As I'm running right now in a Chicoutimi by-election hoping to get in here like you guys, and I'm also running in tomorrow's provincial by-election, and I'm also running for Brantford mayor, that's a hat trick. It's the third hat trick in my career, which is elections 1994, 1995, and 1996. How can I have fun when they say, “super loser fails again”? I'm going to get the guys who beat me to understand what I'm trying to say. To get an invite to come and talk to you guys was an honour.
I did a prepared statement and I will read it to you. Having run more times than you guys, I felt the pains and aggravations a lot more.
The first point is the threshold for auditor. When I first ran federally in 1979—remember Joe Clark won—my accountant was happy with the $250 cap to audit my nil return made easier by a $2,000 threshold on candidate personal expenses before reporting was required. Today, a winner may be challenged for taking a bus to a meeting without declaring the value of the contributed ticket. Get it? You could spend $2,000 on running around and personal stuff and you didn't have to report it in the old days. No auditor.
In Ontario provincial elections, they are doing it wrong. Candidates could sign a declaration avowing no contributions requiring tax credits and did not need an auditor, but to standardize the forms that then require auditors for all candidates with contributions and without, but they paid for the unnecessary auditor. I wasn't paying it. I didn't mind.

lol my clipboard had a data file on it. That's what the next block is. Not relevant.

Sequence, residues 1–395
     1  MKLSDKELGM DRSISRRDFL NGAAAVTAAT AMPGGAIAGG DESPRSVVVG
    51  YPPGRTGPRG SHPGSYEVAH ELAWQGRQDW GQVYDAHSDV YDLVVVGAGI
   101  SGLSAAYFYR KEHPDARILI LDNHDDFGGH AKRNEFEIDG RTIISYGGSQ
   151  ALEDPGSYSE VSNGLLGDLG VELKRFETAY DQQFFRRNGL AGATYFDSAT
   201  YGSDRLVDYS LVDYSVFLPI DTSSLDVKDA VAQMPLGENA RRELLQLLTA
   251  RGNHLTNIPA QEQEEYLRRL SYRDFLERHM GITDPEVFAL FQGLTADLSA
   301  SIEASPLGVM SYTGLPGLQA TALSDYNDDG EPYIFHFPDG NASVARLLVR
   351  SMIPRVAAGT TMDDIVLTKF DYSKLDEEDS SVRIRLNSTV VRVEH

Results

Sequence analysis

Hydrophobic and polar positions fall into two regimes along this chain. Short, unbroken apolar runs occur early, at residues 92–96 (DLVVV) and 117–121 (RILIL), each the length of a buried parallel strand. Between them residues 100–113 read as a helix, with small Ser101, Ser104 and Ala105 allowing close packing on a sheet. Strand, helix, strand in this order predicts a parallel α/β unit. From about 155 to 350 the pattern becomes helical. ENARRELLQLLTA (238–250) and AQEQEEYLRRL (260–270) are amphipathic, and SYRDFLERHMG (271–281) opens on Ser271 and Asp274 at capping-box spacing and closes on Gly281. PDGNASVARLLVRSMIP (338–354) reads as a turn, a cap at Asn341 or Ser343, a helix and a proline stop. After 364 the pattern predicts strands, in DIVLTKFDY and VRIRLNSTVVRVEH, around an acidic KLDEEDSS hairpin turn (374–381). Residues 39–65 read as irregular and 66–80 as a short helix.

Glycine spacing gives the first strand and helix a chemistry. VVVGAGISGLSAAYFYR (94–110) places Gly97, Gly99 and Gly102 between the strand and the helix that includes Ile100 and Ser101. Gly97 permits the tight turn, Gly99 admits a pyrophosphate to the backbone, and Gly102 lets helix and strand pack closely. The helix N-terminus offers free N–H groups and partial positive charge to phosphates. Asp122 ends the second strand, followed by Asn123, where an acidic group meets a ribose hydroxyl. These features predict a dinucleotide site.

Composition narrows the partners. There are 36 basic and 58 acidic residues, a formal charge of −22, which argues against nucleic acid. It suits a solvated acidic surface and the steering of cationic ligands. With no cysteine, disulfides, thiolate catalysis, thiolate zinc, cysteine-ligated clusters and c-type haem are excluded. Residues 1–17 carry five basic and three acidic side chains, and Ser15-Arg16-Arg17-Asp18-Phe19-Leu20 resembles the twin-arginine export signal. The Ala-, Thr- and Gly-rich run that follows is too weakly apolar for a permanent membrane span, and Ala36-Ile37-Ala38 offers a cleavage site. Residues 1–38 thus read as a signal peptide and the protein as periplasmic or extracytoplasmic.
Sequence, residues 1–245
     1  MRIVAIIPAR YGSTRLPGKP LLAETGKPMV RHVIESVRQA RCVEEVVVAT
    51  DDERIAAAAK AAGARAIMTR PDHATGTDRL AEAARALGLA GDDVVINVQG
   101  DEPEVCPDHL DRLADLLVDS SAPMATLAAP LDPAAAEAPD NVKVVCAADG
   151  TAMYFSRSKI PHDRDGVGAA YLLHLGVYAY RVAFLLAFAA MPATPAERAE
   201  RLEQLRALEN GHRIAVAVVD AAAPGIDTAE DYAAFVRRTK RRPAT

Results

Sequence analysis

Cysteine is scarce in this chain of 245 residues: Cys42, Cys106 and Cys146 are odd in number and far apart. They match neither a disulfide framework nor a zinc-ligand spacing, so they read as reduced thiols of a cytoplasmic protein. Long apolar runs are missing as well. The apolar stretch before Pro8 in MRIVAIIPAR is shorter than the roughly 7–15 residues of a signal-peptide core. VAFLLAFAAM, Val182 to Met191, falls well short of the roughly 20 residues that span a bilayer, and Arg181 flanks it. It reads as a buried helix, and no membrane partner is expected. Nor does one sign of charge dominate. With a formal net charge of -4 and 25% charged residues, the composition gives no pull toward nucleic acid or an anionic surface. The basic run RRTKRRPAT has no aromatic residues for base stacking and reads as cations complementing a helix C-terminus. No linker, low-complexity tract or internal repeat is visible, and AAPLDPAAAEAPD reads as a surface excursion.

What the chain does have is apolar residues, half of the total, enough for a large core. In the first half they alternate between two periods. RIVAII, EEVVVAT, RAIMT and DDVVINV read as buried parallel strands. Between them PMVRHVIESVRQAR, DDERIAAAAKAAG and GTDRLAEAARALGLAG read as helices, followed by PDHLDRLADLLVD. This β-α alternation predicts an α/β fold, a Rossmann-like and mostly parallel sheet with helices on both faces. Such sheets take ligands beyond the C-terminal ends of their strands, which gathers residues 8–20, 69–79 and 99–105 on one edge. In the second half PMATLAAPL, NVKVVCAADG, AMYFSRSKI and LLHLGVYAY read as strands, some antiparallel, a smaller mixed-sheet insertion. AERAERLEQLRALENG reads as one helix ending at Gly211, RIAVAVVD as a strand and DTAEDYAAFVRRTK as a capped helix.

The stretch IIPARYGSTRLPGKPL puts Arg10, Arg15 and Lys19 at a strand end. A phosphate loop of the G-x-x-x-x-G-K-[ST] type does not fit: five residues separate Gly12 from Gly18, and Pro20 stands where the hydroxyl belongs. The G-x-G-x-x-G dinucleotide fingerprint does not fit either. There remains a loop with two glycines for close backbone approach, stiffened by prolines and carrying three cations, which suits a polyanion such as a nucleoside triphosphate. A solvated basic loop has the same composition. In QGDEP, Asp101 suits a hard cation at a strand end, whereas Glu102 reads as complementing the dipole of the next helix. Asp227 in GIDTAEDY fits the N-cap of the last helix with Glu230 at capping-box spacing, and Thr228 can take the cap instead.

However, when my federal accountant retired after 30 years, I used my Ontario accountant and was surprised with a $700 bill, which is reasonable at these rates, when I had only ever paid $250 in the past for 30 years, but the $250 cap left me owing the $450 overage.
I asked the Federal Court to strike the $250 cap that did not keep up with inflation, ever since 1974 unconstitutionally stifling my democratic rights. Justice Phelan ruled I could raise contributions to pay the auditor—not quite political purposes—or save $10 a week from my pension. I appealed it to the Supreme Court, docket number 36937, but it wasn't important enough to be heard.
Now, Ontario has standardized the forms for nominations candidates for parties from no reporting at all to reporting required with an auditor, an unpaid auditor. Any candidate seeking a party nomination must now pay the auditor out of his own pocket, even with a zero return.
Standardize government requirements, sure, but why standardize party requirements? Parties should make their own rules, but the new regulations are now in place to stifle political participation.
An auditor should not be required before a threshold of expenses is reached, which should apply for election candidates too. The Canada Elections Act should not be job creation for accountants.
A famous dictator once said that those who vote don't matter and those who count the votes matter.